They’ve all gone mad, haven’t they?

Just think: there’s an alternative universe out there somewhere in which Fianna Fáil members had sense and told Micheál Martin that going into coalition was a dumb idea.

In that universe, Dara Calleary is presently leader of Fianna Fáil, and leader of the opposition, watching his poll numbers grow sadly from the sidelines as Taoiseach Mary Lou bungles her way through the challenges of announcing new restrictions, opening schools, and keeping the troops in line. But that’s not the case in this universe, is it?

Minister for Agriculture Dara Calleary has confirmed he is resigning from Cabinet after attending an event in Clifden, Co Galway, with 80 other people on Wednesday night.

Taoiseach Micheál Martin has accepted Mr Calleary’s resignation.

In a statement, he said that Mr Calleary’s attendance at the event was “wrong and an error of judgement on his part”.

The Fianna Fáil leader said “people all over the country have made very difficult, personal sacrifices in their family lives and in their businesses to comply with Covid regulations.

“This event should not have gone ahead in the manner it did given the Government decision of last Tuesday,” Mr Martin said.

He is not the only casualty this morning. Senator Jerry Buttimer was Leas Cathaoirleach of the Seanad up to half an hour or so ago – a position that pays an extra 25k a year on top of the €68,000 salary for a Senator. Assuming the present Dáil and Seanad run their full term, poor Jerry has effectively paid over a hundred thousand euros for his beef or salmon:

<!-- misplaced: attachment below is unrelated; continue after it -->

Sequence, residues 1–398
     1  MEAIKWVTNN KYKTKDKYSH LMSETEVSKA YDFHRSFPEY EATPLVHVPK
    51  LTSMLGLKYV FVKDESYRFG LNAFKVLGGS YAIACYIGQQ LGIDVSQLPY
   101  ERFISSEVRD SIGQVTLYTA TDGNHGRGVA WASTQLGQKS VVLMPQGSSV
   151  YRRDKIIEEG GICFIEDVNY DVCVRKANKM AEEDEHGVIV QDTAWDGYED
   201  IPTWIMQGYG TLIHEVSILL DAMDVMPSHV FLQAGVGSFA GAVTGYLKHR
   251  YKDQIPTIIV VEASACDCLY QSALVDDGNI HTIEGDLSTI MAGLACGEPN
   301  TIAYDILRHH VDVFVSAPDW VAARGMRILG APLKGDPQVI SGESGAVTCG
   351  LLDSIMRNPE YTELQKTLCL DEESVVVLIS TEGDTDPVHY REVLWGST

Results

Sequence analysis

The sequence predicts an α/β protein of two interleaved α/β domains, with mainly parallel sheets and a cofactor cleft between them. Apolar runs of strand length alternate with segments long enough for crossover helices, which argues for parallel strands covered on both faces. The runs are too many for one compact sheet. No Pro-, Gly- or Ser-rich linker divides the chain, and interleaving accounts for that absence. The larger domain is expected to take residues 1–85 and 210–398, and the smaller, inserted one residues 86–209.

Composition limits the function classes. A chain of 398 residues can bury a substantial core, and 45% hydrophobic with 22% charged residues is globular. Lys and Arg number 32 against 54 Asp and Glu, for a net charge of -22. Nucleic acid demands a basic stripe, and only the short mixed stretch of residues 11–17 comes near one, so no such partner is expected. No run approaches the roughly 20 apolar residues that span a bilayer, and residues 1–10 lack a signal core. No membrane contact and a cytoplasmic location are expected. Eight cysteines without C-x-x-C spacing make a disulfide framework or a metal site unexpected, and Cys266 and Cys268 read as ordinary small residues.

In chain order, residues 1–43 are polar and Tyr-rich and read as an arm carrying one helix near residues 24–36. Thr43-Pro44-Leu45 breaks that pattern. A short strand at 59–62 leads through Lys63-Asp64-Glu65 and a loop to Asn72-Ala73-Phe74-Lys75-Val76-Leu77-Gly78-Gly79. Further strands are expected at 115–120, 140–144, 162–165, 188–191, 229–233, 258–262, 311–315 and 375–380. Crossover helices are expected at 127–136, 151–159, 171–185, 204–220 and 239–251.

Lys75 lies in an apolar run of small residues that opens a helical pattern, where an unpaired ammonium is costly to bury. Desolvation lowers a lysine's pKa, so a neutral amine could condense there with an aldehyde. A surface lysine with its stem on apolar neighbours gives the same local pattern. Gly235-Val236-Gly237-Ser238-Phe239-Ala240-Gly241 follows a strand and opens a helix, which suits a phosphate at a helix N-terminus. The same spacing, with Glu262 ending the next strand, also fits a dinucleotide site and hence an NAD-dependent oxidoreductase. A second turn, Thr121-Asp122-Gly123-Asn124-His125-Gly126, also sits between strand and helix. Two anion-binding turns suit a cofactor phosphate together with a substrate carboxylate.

And now to cap it all off, we have the Gardai launching an investigation into the matter:

Phil Hogan, the EU commissioner, was also at the event, but there is no chance of Hogan resigning, of course. You need to have an ounce of shame somewhere to do that.

Anyway, the primary casualty here is not Mr. Calleary, or Mr. Buttimer, or anyone else who may or may not resign later today. The primary casualty is the credibility of the Government. Governments do not get a second chance to make a first impression, and this one is badly on the ropes after just two months.

The credibility of the new, or renewed, restrictions was already tenuous. There’s a risk that this kind of carry on might shatter them altogether, and that is why – to Mr. Calleary’s credit – he clearly recognised that there would have to be consequences, and that swords would have to be fallen on.

But the extraordinary thing here, surely, is not the resignations, or the political fall out for the Government. The extraordinary thing is that eighty of our politicians gathered for this event and not one of them – not one – had the sense to think “this is likely to leak, and not look good, maybe I’d better stay at home”.

We must be the only country in Europe where our politicians come with no in-built political antenna. Here’s another example, hilariously, from Sinn Fein:

Does that include Michelle O’Neill?

Unionists are aiming to keep pressure on Sinn Fein over the funeral of Bobby Storey more than a month after the row began.

Despite the Assembly recess DUP and other MLAs have tabled a series of written questions to deputy First Minister Michelle O’Neill over her attendance at the burial on June 30.

The DUP’s Thomas Buchanan has asked whether Mrs O’Neill was obliged under the rules to inform the joint office she shares with Arlene Foster of her intention to go to the funeral, and whether she did so.

After all: if Calleary and Buttimer broke the rules, then so did she.

Anyway, Fianna Fáil TD Sean Fleming has had enough. He’s declaring war on the real enemy in all of this: Golf.

That’ll sort it all out, all right. Golf is to blame.